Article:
By: Lisa Philippart
Welcome to 2018! I am excited about a brand new year full of possiblities, challenges, and successes. (I am a realistic optimist.) Even if you are a spontaneous-type person, I hope you are thinking about what you want for yourself, your family, and your community this year. I’m not talking about New Year’s resolutions that you will forget about by February 1. I’m talking about life goals. If you don’t have a destination, how will you know when you get there? So, here is my plan for us for this year: every two weeks, we will be exploring the ABC’s of mental health. With 26 letters in the alphabet, and 26 issues published a year, you can see how perfectly this will work. Today we will take a look at ANXIETY, but from my perspective as a holistic therapist and human being. (I will not be going in alphabetical order…that’s too predictable!)
I have always had anxious-tendencies. But for most of my life, I was able to manage my anxiety through a variety of coping skills: positive self-talk, affirmations, reframing, and grounding. I even decided to become a mental health counselor mid-life because I felt like I was an expert at managing my own stress, so why not share what has worked for me with others? About 5 years ago, I was under a lot of stress. I remember thinking my anxiety level was constantly riding around a 9-10, with 10 being unbearable. I noticed I was periodically short of breath and constantly battling fatigue. One night I came home and just felt “off.” I went to bed and woke up at about 5 in the morning with my head spinning. I felt my eyes moving back and forth as I stuggled to focus and stand up. I thought I was having a stroke. At the hospital, the doctors ran every kind of test from an MRI to CT scan to blood work. The good news, everything came back normal. The bad news, the doctors believed I had stress-induced vertigo.
I tell you this story because as a holistic healer, I believe that our bodies, minds, and spirits form interconnected circles. What affects one area affects all areas. The stress of my mental health finally spilled over in to my physical health. So after this vertigo event, I made some changes. If you suffer from anxiety that is becoming harder and harder to manage, this is what I recommend. Physically, listen to your body. Ignoring pains or body changes is not helpful. Can you make one small dietary modification…cut out diet Coke? How about walking 20 minutes a day? Maybe take a supplement? Get more sleep? Pick one thing and do it. Mentally, are you your own worst critic? Do you wake up every day worrying about everything? See a therapist for some effective coping skills. Find work that challenges your mind. Read. Listen to self-help podcasts. Volunteer.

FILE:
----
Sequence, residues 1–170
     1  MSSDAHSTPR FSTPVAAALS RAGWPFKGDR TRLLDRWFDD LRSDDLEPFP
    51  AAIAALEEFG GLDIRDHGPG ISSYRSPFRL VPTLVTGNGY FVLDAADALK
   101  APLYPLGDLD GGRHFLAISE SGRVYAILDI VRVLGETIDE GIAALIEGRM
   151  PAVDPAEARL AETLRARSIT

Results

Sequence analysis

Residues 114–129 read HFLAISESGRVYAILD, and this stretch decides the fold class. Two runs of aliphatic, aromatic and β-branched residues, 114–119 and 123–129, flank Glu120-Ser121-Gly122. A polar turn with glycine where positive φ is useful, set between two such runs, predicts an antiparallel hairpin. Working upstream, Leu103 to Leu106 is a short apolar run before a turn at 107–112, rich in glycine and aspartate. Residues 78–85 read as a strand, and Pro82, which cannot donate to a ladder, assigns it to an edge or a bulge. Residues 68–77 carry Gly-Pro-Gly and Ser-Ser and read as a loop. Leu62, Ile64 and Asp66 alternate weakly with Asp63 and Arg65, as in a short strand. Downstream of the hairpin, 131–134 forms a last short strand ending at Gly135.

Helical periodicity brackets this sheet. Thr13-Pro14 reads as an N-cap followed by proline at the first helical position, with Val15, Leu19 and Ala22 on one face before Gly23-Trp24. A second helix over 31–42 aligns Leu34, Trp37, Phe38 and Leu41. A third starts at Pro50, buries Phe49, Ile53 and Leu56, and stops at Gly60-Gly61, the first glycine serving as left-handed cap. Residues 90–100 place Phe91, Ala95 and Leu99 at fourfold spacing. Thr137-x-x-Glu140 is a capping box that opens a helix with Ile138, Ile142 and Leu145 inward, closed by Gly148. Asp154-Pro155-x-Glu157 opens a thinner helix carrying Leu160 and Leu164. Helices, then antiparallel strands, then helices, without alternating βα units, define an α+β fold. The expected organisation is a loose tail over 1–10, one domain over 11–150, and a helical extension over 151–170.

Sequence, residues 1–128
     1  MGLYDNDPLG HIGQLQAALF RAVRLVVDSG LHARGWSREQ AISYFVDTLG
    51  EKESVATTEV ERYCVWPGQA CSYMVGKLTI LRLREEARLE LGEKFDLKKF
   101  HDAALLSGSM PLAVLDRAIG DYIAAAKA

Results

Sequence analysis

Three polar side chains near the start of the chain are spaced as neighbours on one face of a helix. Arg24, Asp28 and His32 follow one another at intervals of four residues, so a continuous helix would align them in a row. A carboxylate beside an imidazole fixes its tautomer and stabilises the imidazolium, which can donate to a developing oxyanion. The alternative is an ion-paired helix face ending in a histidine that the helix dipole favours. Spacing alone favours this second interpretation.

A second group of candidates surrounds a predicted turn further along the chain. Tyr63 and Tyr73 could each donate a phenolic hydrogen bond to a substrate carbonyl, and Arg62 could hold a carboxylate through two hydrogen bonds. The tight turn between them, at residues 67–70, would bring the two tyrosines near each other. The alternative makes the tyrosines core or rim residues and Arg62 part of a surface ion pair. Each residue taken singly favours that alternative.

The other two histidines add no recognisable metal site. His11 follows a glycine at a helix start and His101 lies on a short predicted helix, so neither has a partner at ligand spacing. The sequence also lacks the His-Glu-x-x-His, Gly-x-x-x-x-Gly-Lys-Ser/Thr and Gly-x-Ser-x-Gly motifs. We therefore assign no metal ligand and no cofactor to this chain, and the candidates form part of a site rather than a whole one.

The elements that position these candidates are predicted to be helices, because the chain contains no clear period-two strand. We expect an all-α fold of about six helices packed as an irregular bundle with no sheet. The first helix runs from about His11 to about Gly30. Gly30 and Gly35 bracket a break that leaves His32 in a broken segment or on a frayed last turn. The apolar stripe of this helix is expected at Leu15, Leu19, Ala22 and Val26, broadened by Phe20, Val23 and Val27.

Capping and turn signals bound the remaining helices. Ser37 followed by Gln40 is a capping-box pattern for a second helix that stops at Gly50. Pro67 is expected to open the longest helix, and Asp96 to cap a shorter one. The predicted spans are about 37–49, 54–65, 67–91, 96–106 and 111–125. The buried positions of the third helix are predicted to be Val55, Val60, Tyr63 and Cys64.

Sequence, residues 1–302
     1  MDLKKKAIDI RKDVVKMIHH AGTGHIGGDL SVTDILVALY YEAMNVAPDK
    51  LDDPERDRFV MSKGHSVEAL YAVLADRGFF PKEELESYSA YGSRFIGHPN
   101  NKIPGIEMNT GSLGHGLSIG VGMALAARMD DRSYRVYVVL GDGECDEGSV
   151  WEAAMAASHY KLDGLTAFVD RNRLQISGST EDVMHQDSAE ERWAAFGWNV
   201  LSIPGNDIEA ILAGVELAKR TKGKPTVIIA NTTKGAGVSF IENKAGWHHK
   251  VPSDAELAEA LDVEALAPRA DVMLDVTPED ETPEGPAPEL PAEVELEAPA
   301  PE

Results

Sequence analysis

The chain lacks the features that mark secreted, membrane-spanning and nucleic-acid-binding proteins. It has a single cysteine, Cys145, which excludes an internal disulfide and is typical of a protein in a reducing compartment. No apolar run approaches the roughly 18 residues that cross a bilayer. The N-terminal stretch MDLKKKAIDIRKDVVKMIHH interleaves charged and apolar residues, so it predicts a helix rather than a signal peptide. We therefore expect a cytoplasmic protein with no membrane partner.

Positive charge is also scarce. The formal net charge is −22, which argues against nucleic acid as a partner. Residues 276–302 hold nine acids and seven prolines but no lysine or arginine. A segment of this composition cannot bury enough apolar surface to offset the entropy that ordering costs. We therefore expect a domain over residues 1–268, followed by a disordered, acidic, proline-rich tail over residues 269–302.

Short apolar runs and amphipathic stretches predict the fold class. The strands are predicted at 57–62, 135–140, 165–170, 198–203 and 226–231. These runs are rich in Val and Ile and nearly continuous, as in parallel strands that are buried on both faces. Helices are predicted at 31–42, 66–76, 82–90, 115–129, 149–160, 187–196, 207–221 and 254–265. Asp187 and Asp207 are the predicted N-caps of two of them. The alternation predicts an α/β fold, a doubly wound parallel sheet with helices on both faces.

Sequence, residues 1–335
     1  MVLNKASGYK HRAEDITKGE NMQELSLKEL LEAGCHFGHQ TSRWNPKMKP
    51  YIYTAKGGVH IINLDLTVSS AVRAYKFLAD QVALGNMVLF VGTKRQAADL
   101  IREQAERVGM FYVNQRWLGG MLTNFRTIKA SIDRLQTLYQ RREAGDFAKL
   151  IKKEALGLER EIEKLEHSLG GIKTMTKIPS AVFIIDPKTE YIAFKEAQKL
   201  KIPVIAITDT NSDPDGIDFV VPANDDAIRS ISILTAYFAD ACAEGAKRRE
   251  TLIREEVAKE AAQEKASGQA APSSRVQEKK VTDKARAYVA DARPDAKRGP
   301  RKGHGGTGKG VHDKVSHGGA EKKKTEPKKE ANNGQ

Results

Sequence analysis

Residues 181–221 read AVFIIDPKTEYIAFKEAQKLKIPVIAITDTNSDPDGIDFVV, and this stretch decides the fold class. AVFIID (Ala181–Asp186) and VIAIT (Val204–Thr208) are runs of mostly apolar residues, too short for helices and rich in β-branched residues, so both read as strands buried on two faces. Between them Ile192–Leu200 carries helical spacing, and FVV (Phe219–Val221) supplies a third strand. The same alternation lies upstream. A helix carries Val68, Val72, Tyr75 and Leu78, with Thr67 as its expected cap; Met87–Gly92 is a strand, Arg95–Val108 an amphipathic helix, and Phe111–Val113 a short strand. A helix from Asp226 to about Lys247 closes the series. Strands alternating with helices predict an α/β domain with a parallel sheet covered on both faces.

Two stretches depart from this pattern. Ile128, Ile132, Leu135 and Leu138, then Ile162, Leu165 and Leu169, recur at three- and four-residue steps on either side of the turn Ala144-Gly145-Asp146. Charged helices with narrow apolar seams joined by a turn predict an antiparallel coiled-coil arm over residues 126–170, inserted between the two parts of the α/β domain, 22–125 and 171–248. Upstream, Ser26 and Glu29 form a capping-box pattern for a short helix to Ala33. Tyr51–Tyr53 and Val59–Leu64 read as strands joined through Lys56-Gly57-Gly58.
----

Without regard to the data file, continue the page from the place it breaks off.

And finally, spiritually…what is your source of strength? Most of my clients believe in a higher power, but have forgotten that this belief allows for them to have a purpose. Your spiritual side can be nourished through gratitude, prayer, worship, and meditation. We all need a direction, guided by our morals and values and faith, which brings me back to: Where are you going this year? Write it down. And don’t allow anxiety to interfere with discovering the best you that you can be.
In conclusion, I want to share with you a book I am reading by Andrea Petersen called, On Edge A Journey Through Anxiety. My number one take-away from this book was her definition of anxiety. According to Andrea, anxiety is the anticipation of pain – emotional pain, mental pain, physical pain, and spiritual pain – which is why anxiety can affect more than one area of the self. So, as you prepare your course for the year, include specific plans for growth of the mind, body, and spirit.
By: Lisa Philippart
Lisa Philippart is a Licensed Professional Counselor, who divides her time between her own private practice in
and providing personal counseling services at Athens State University./strong>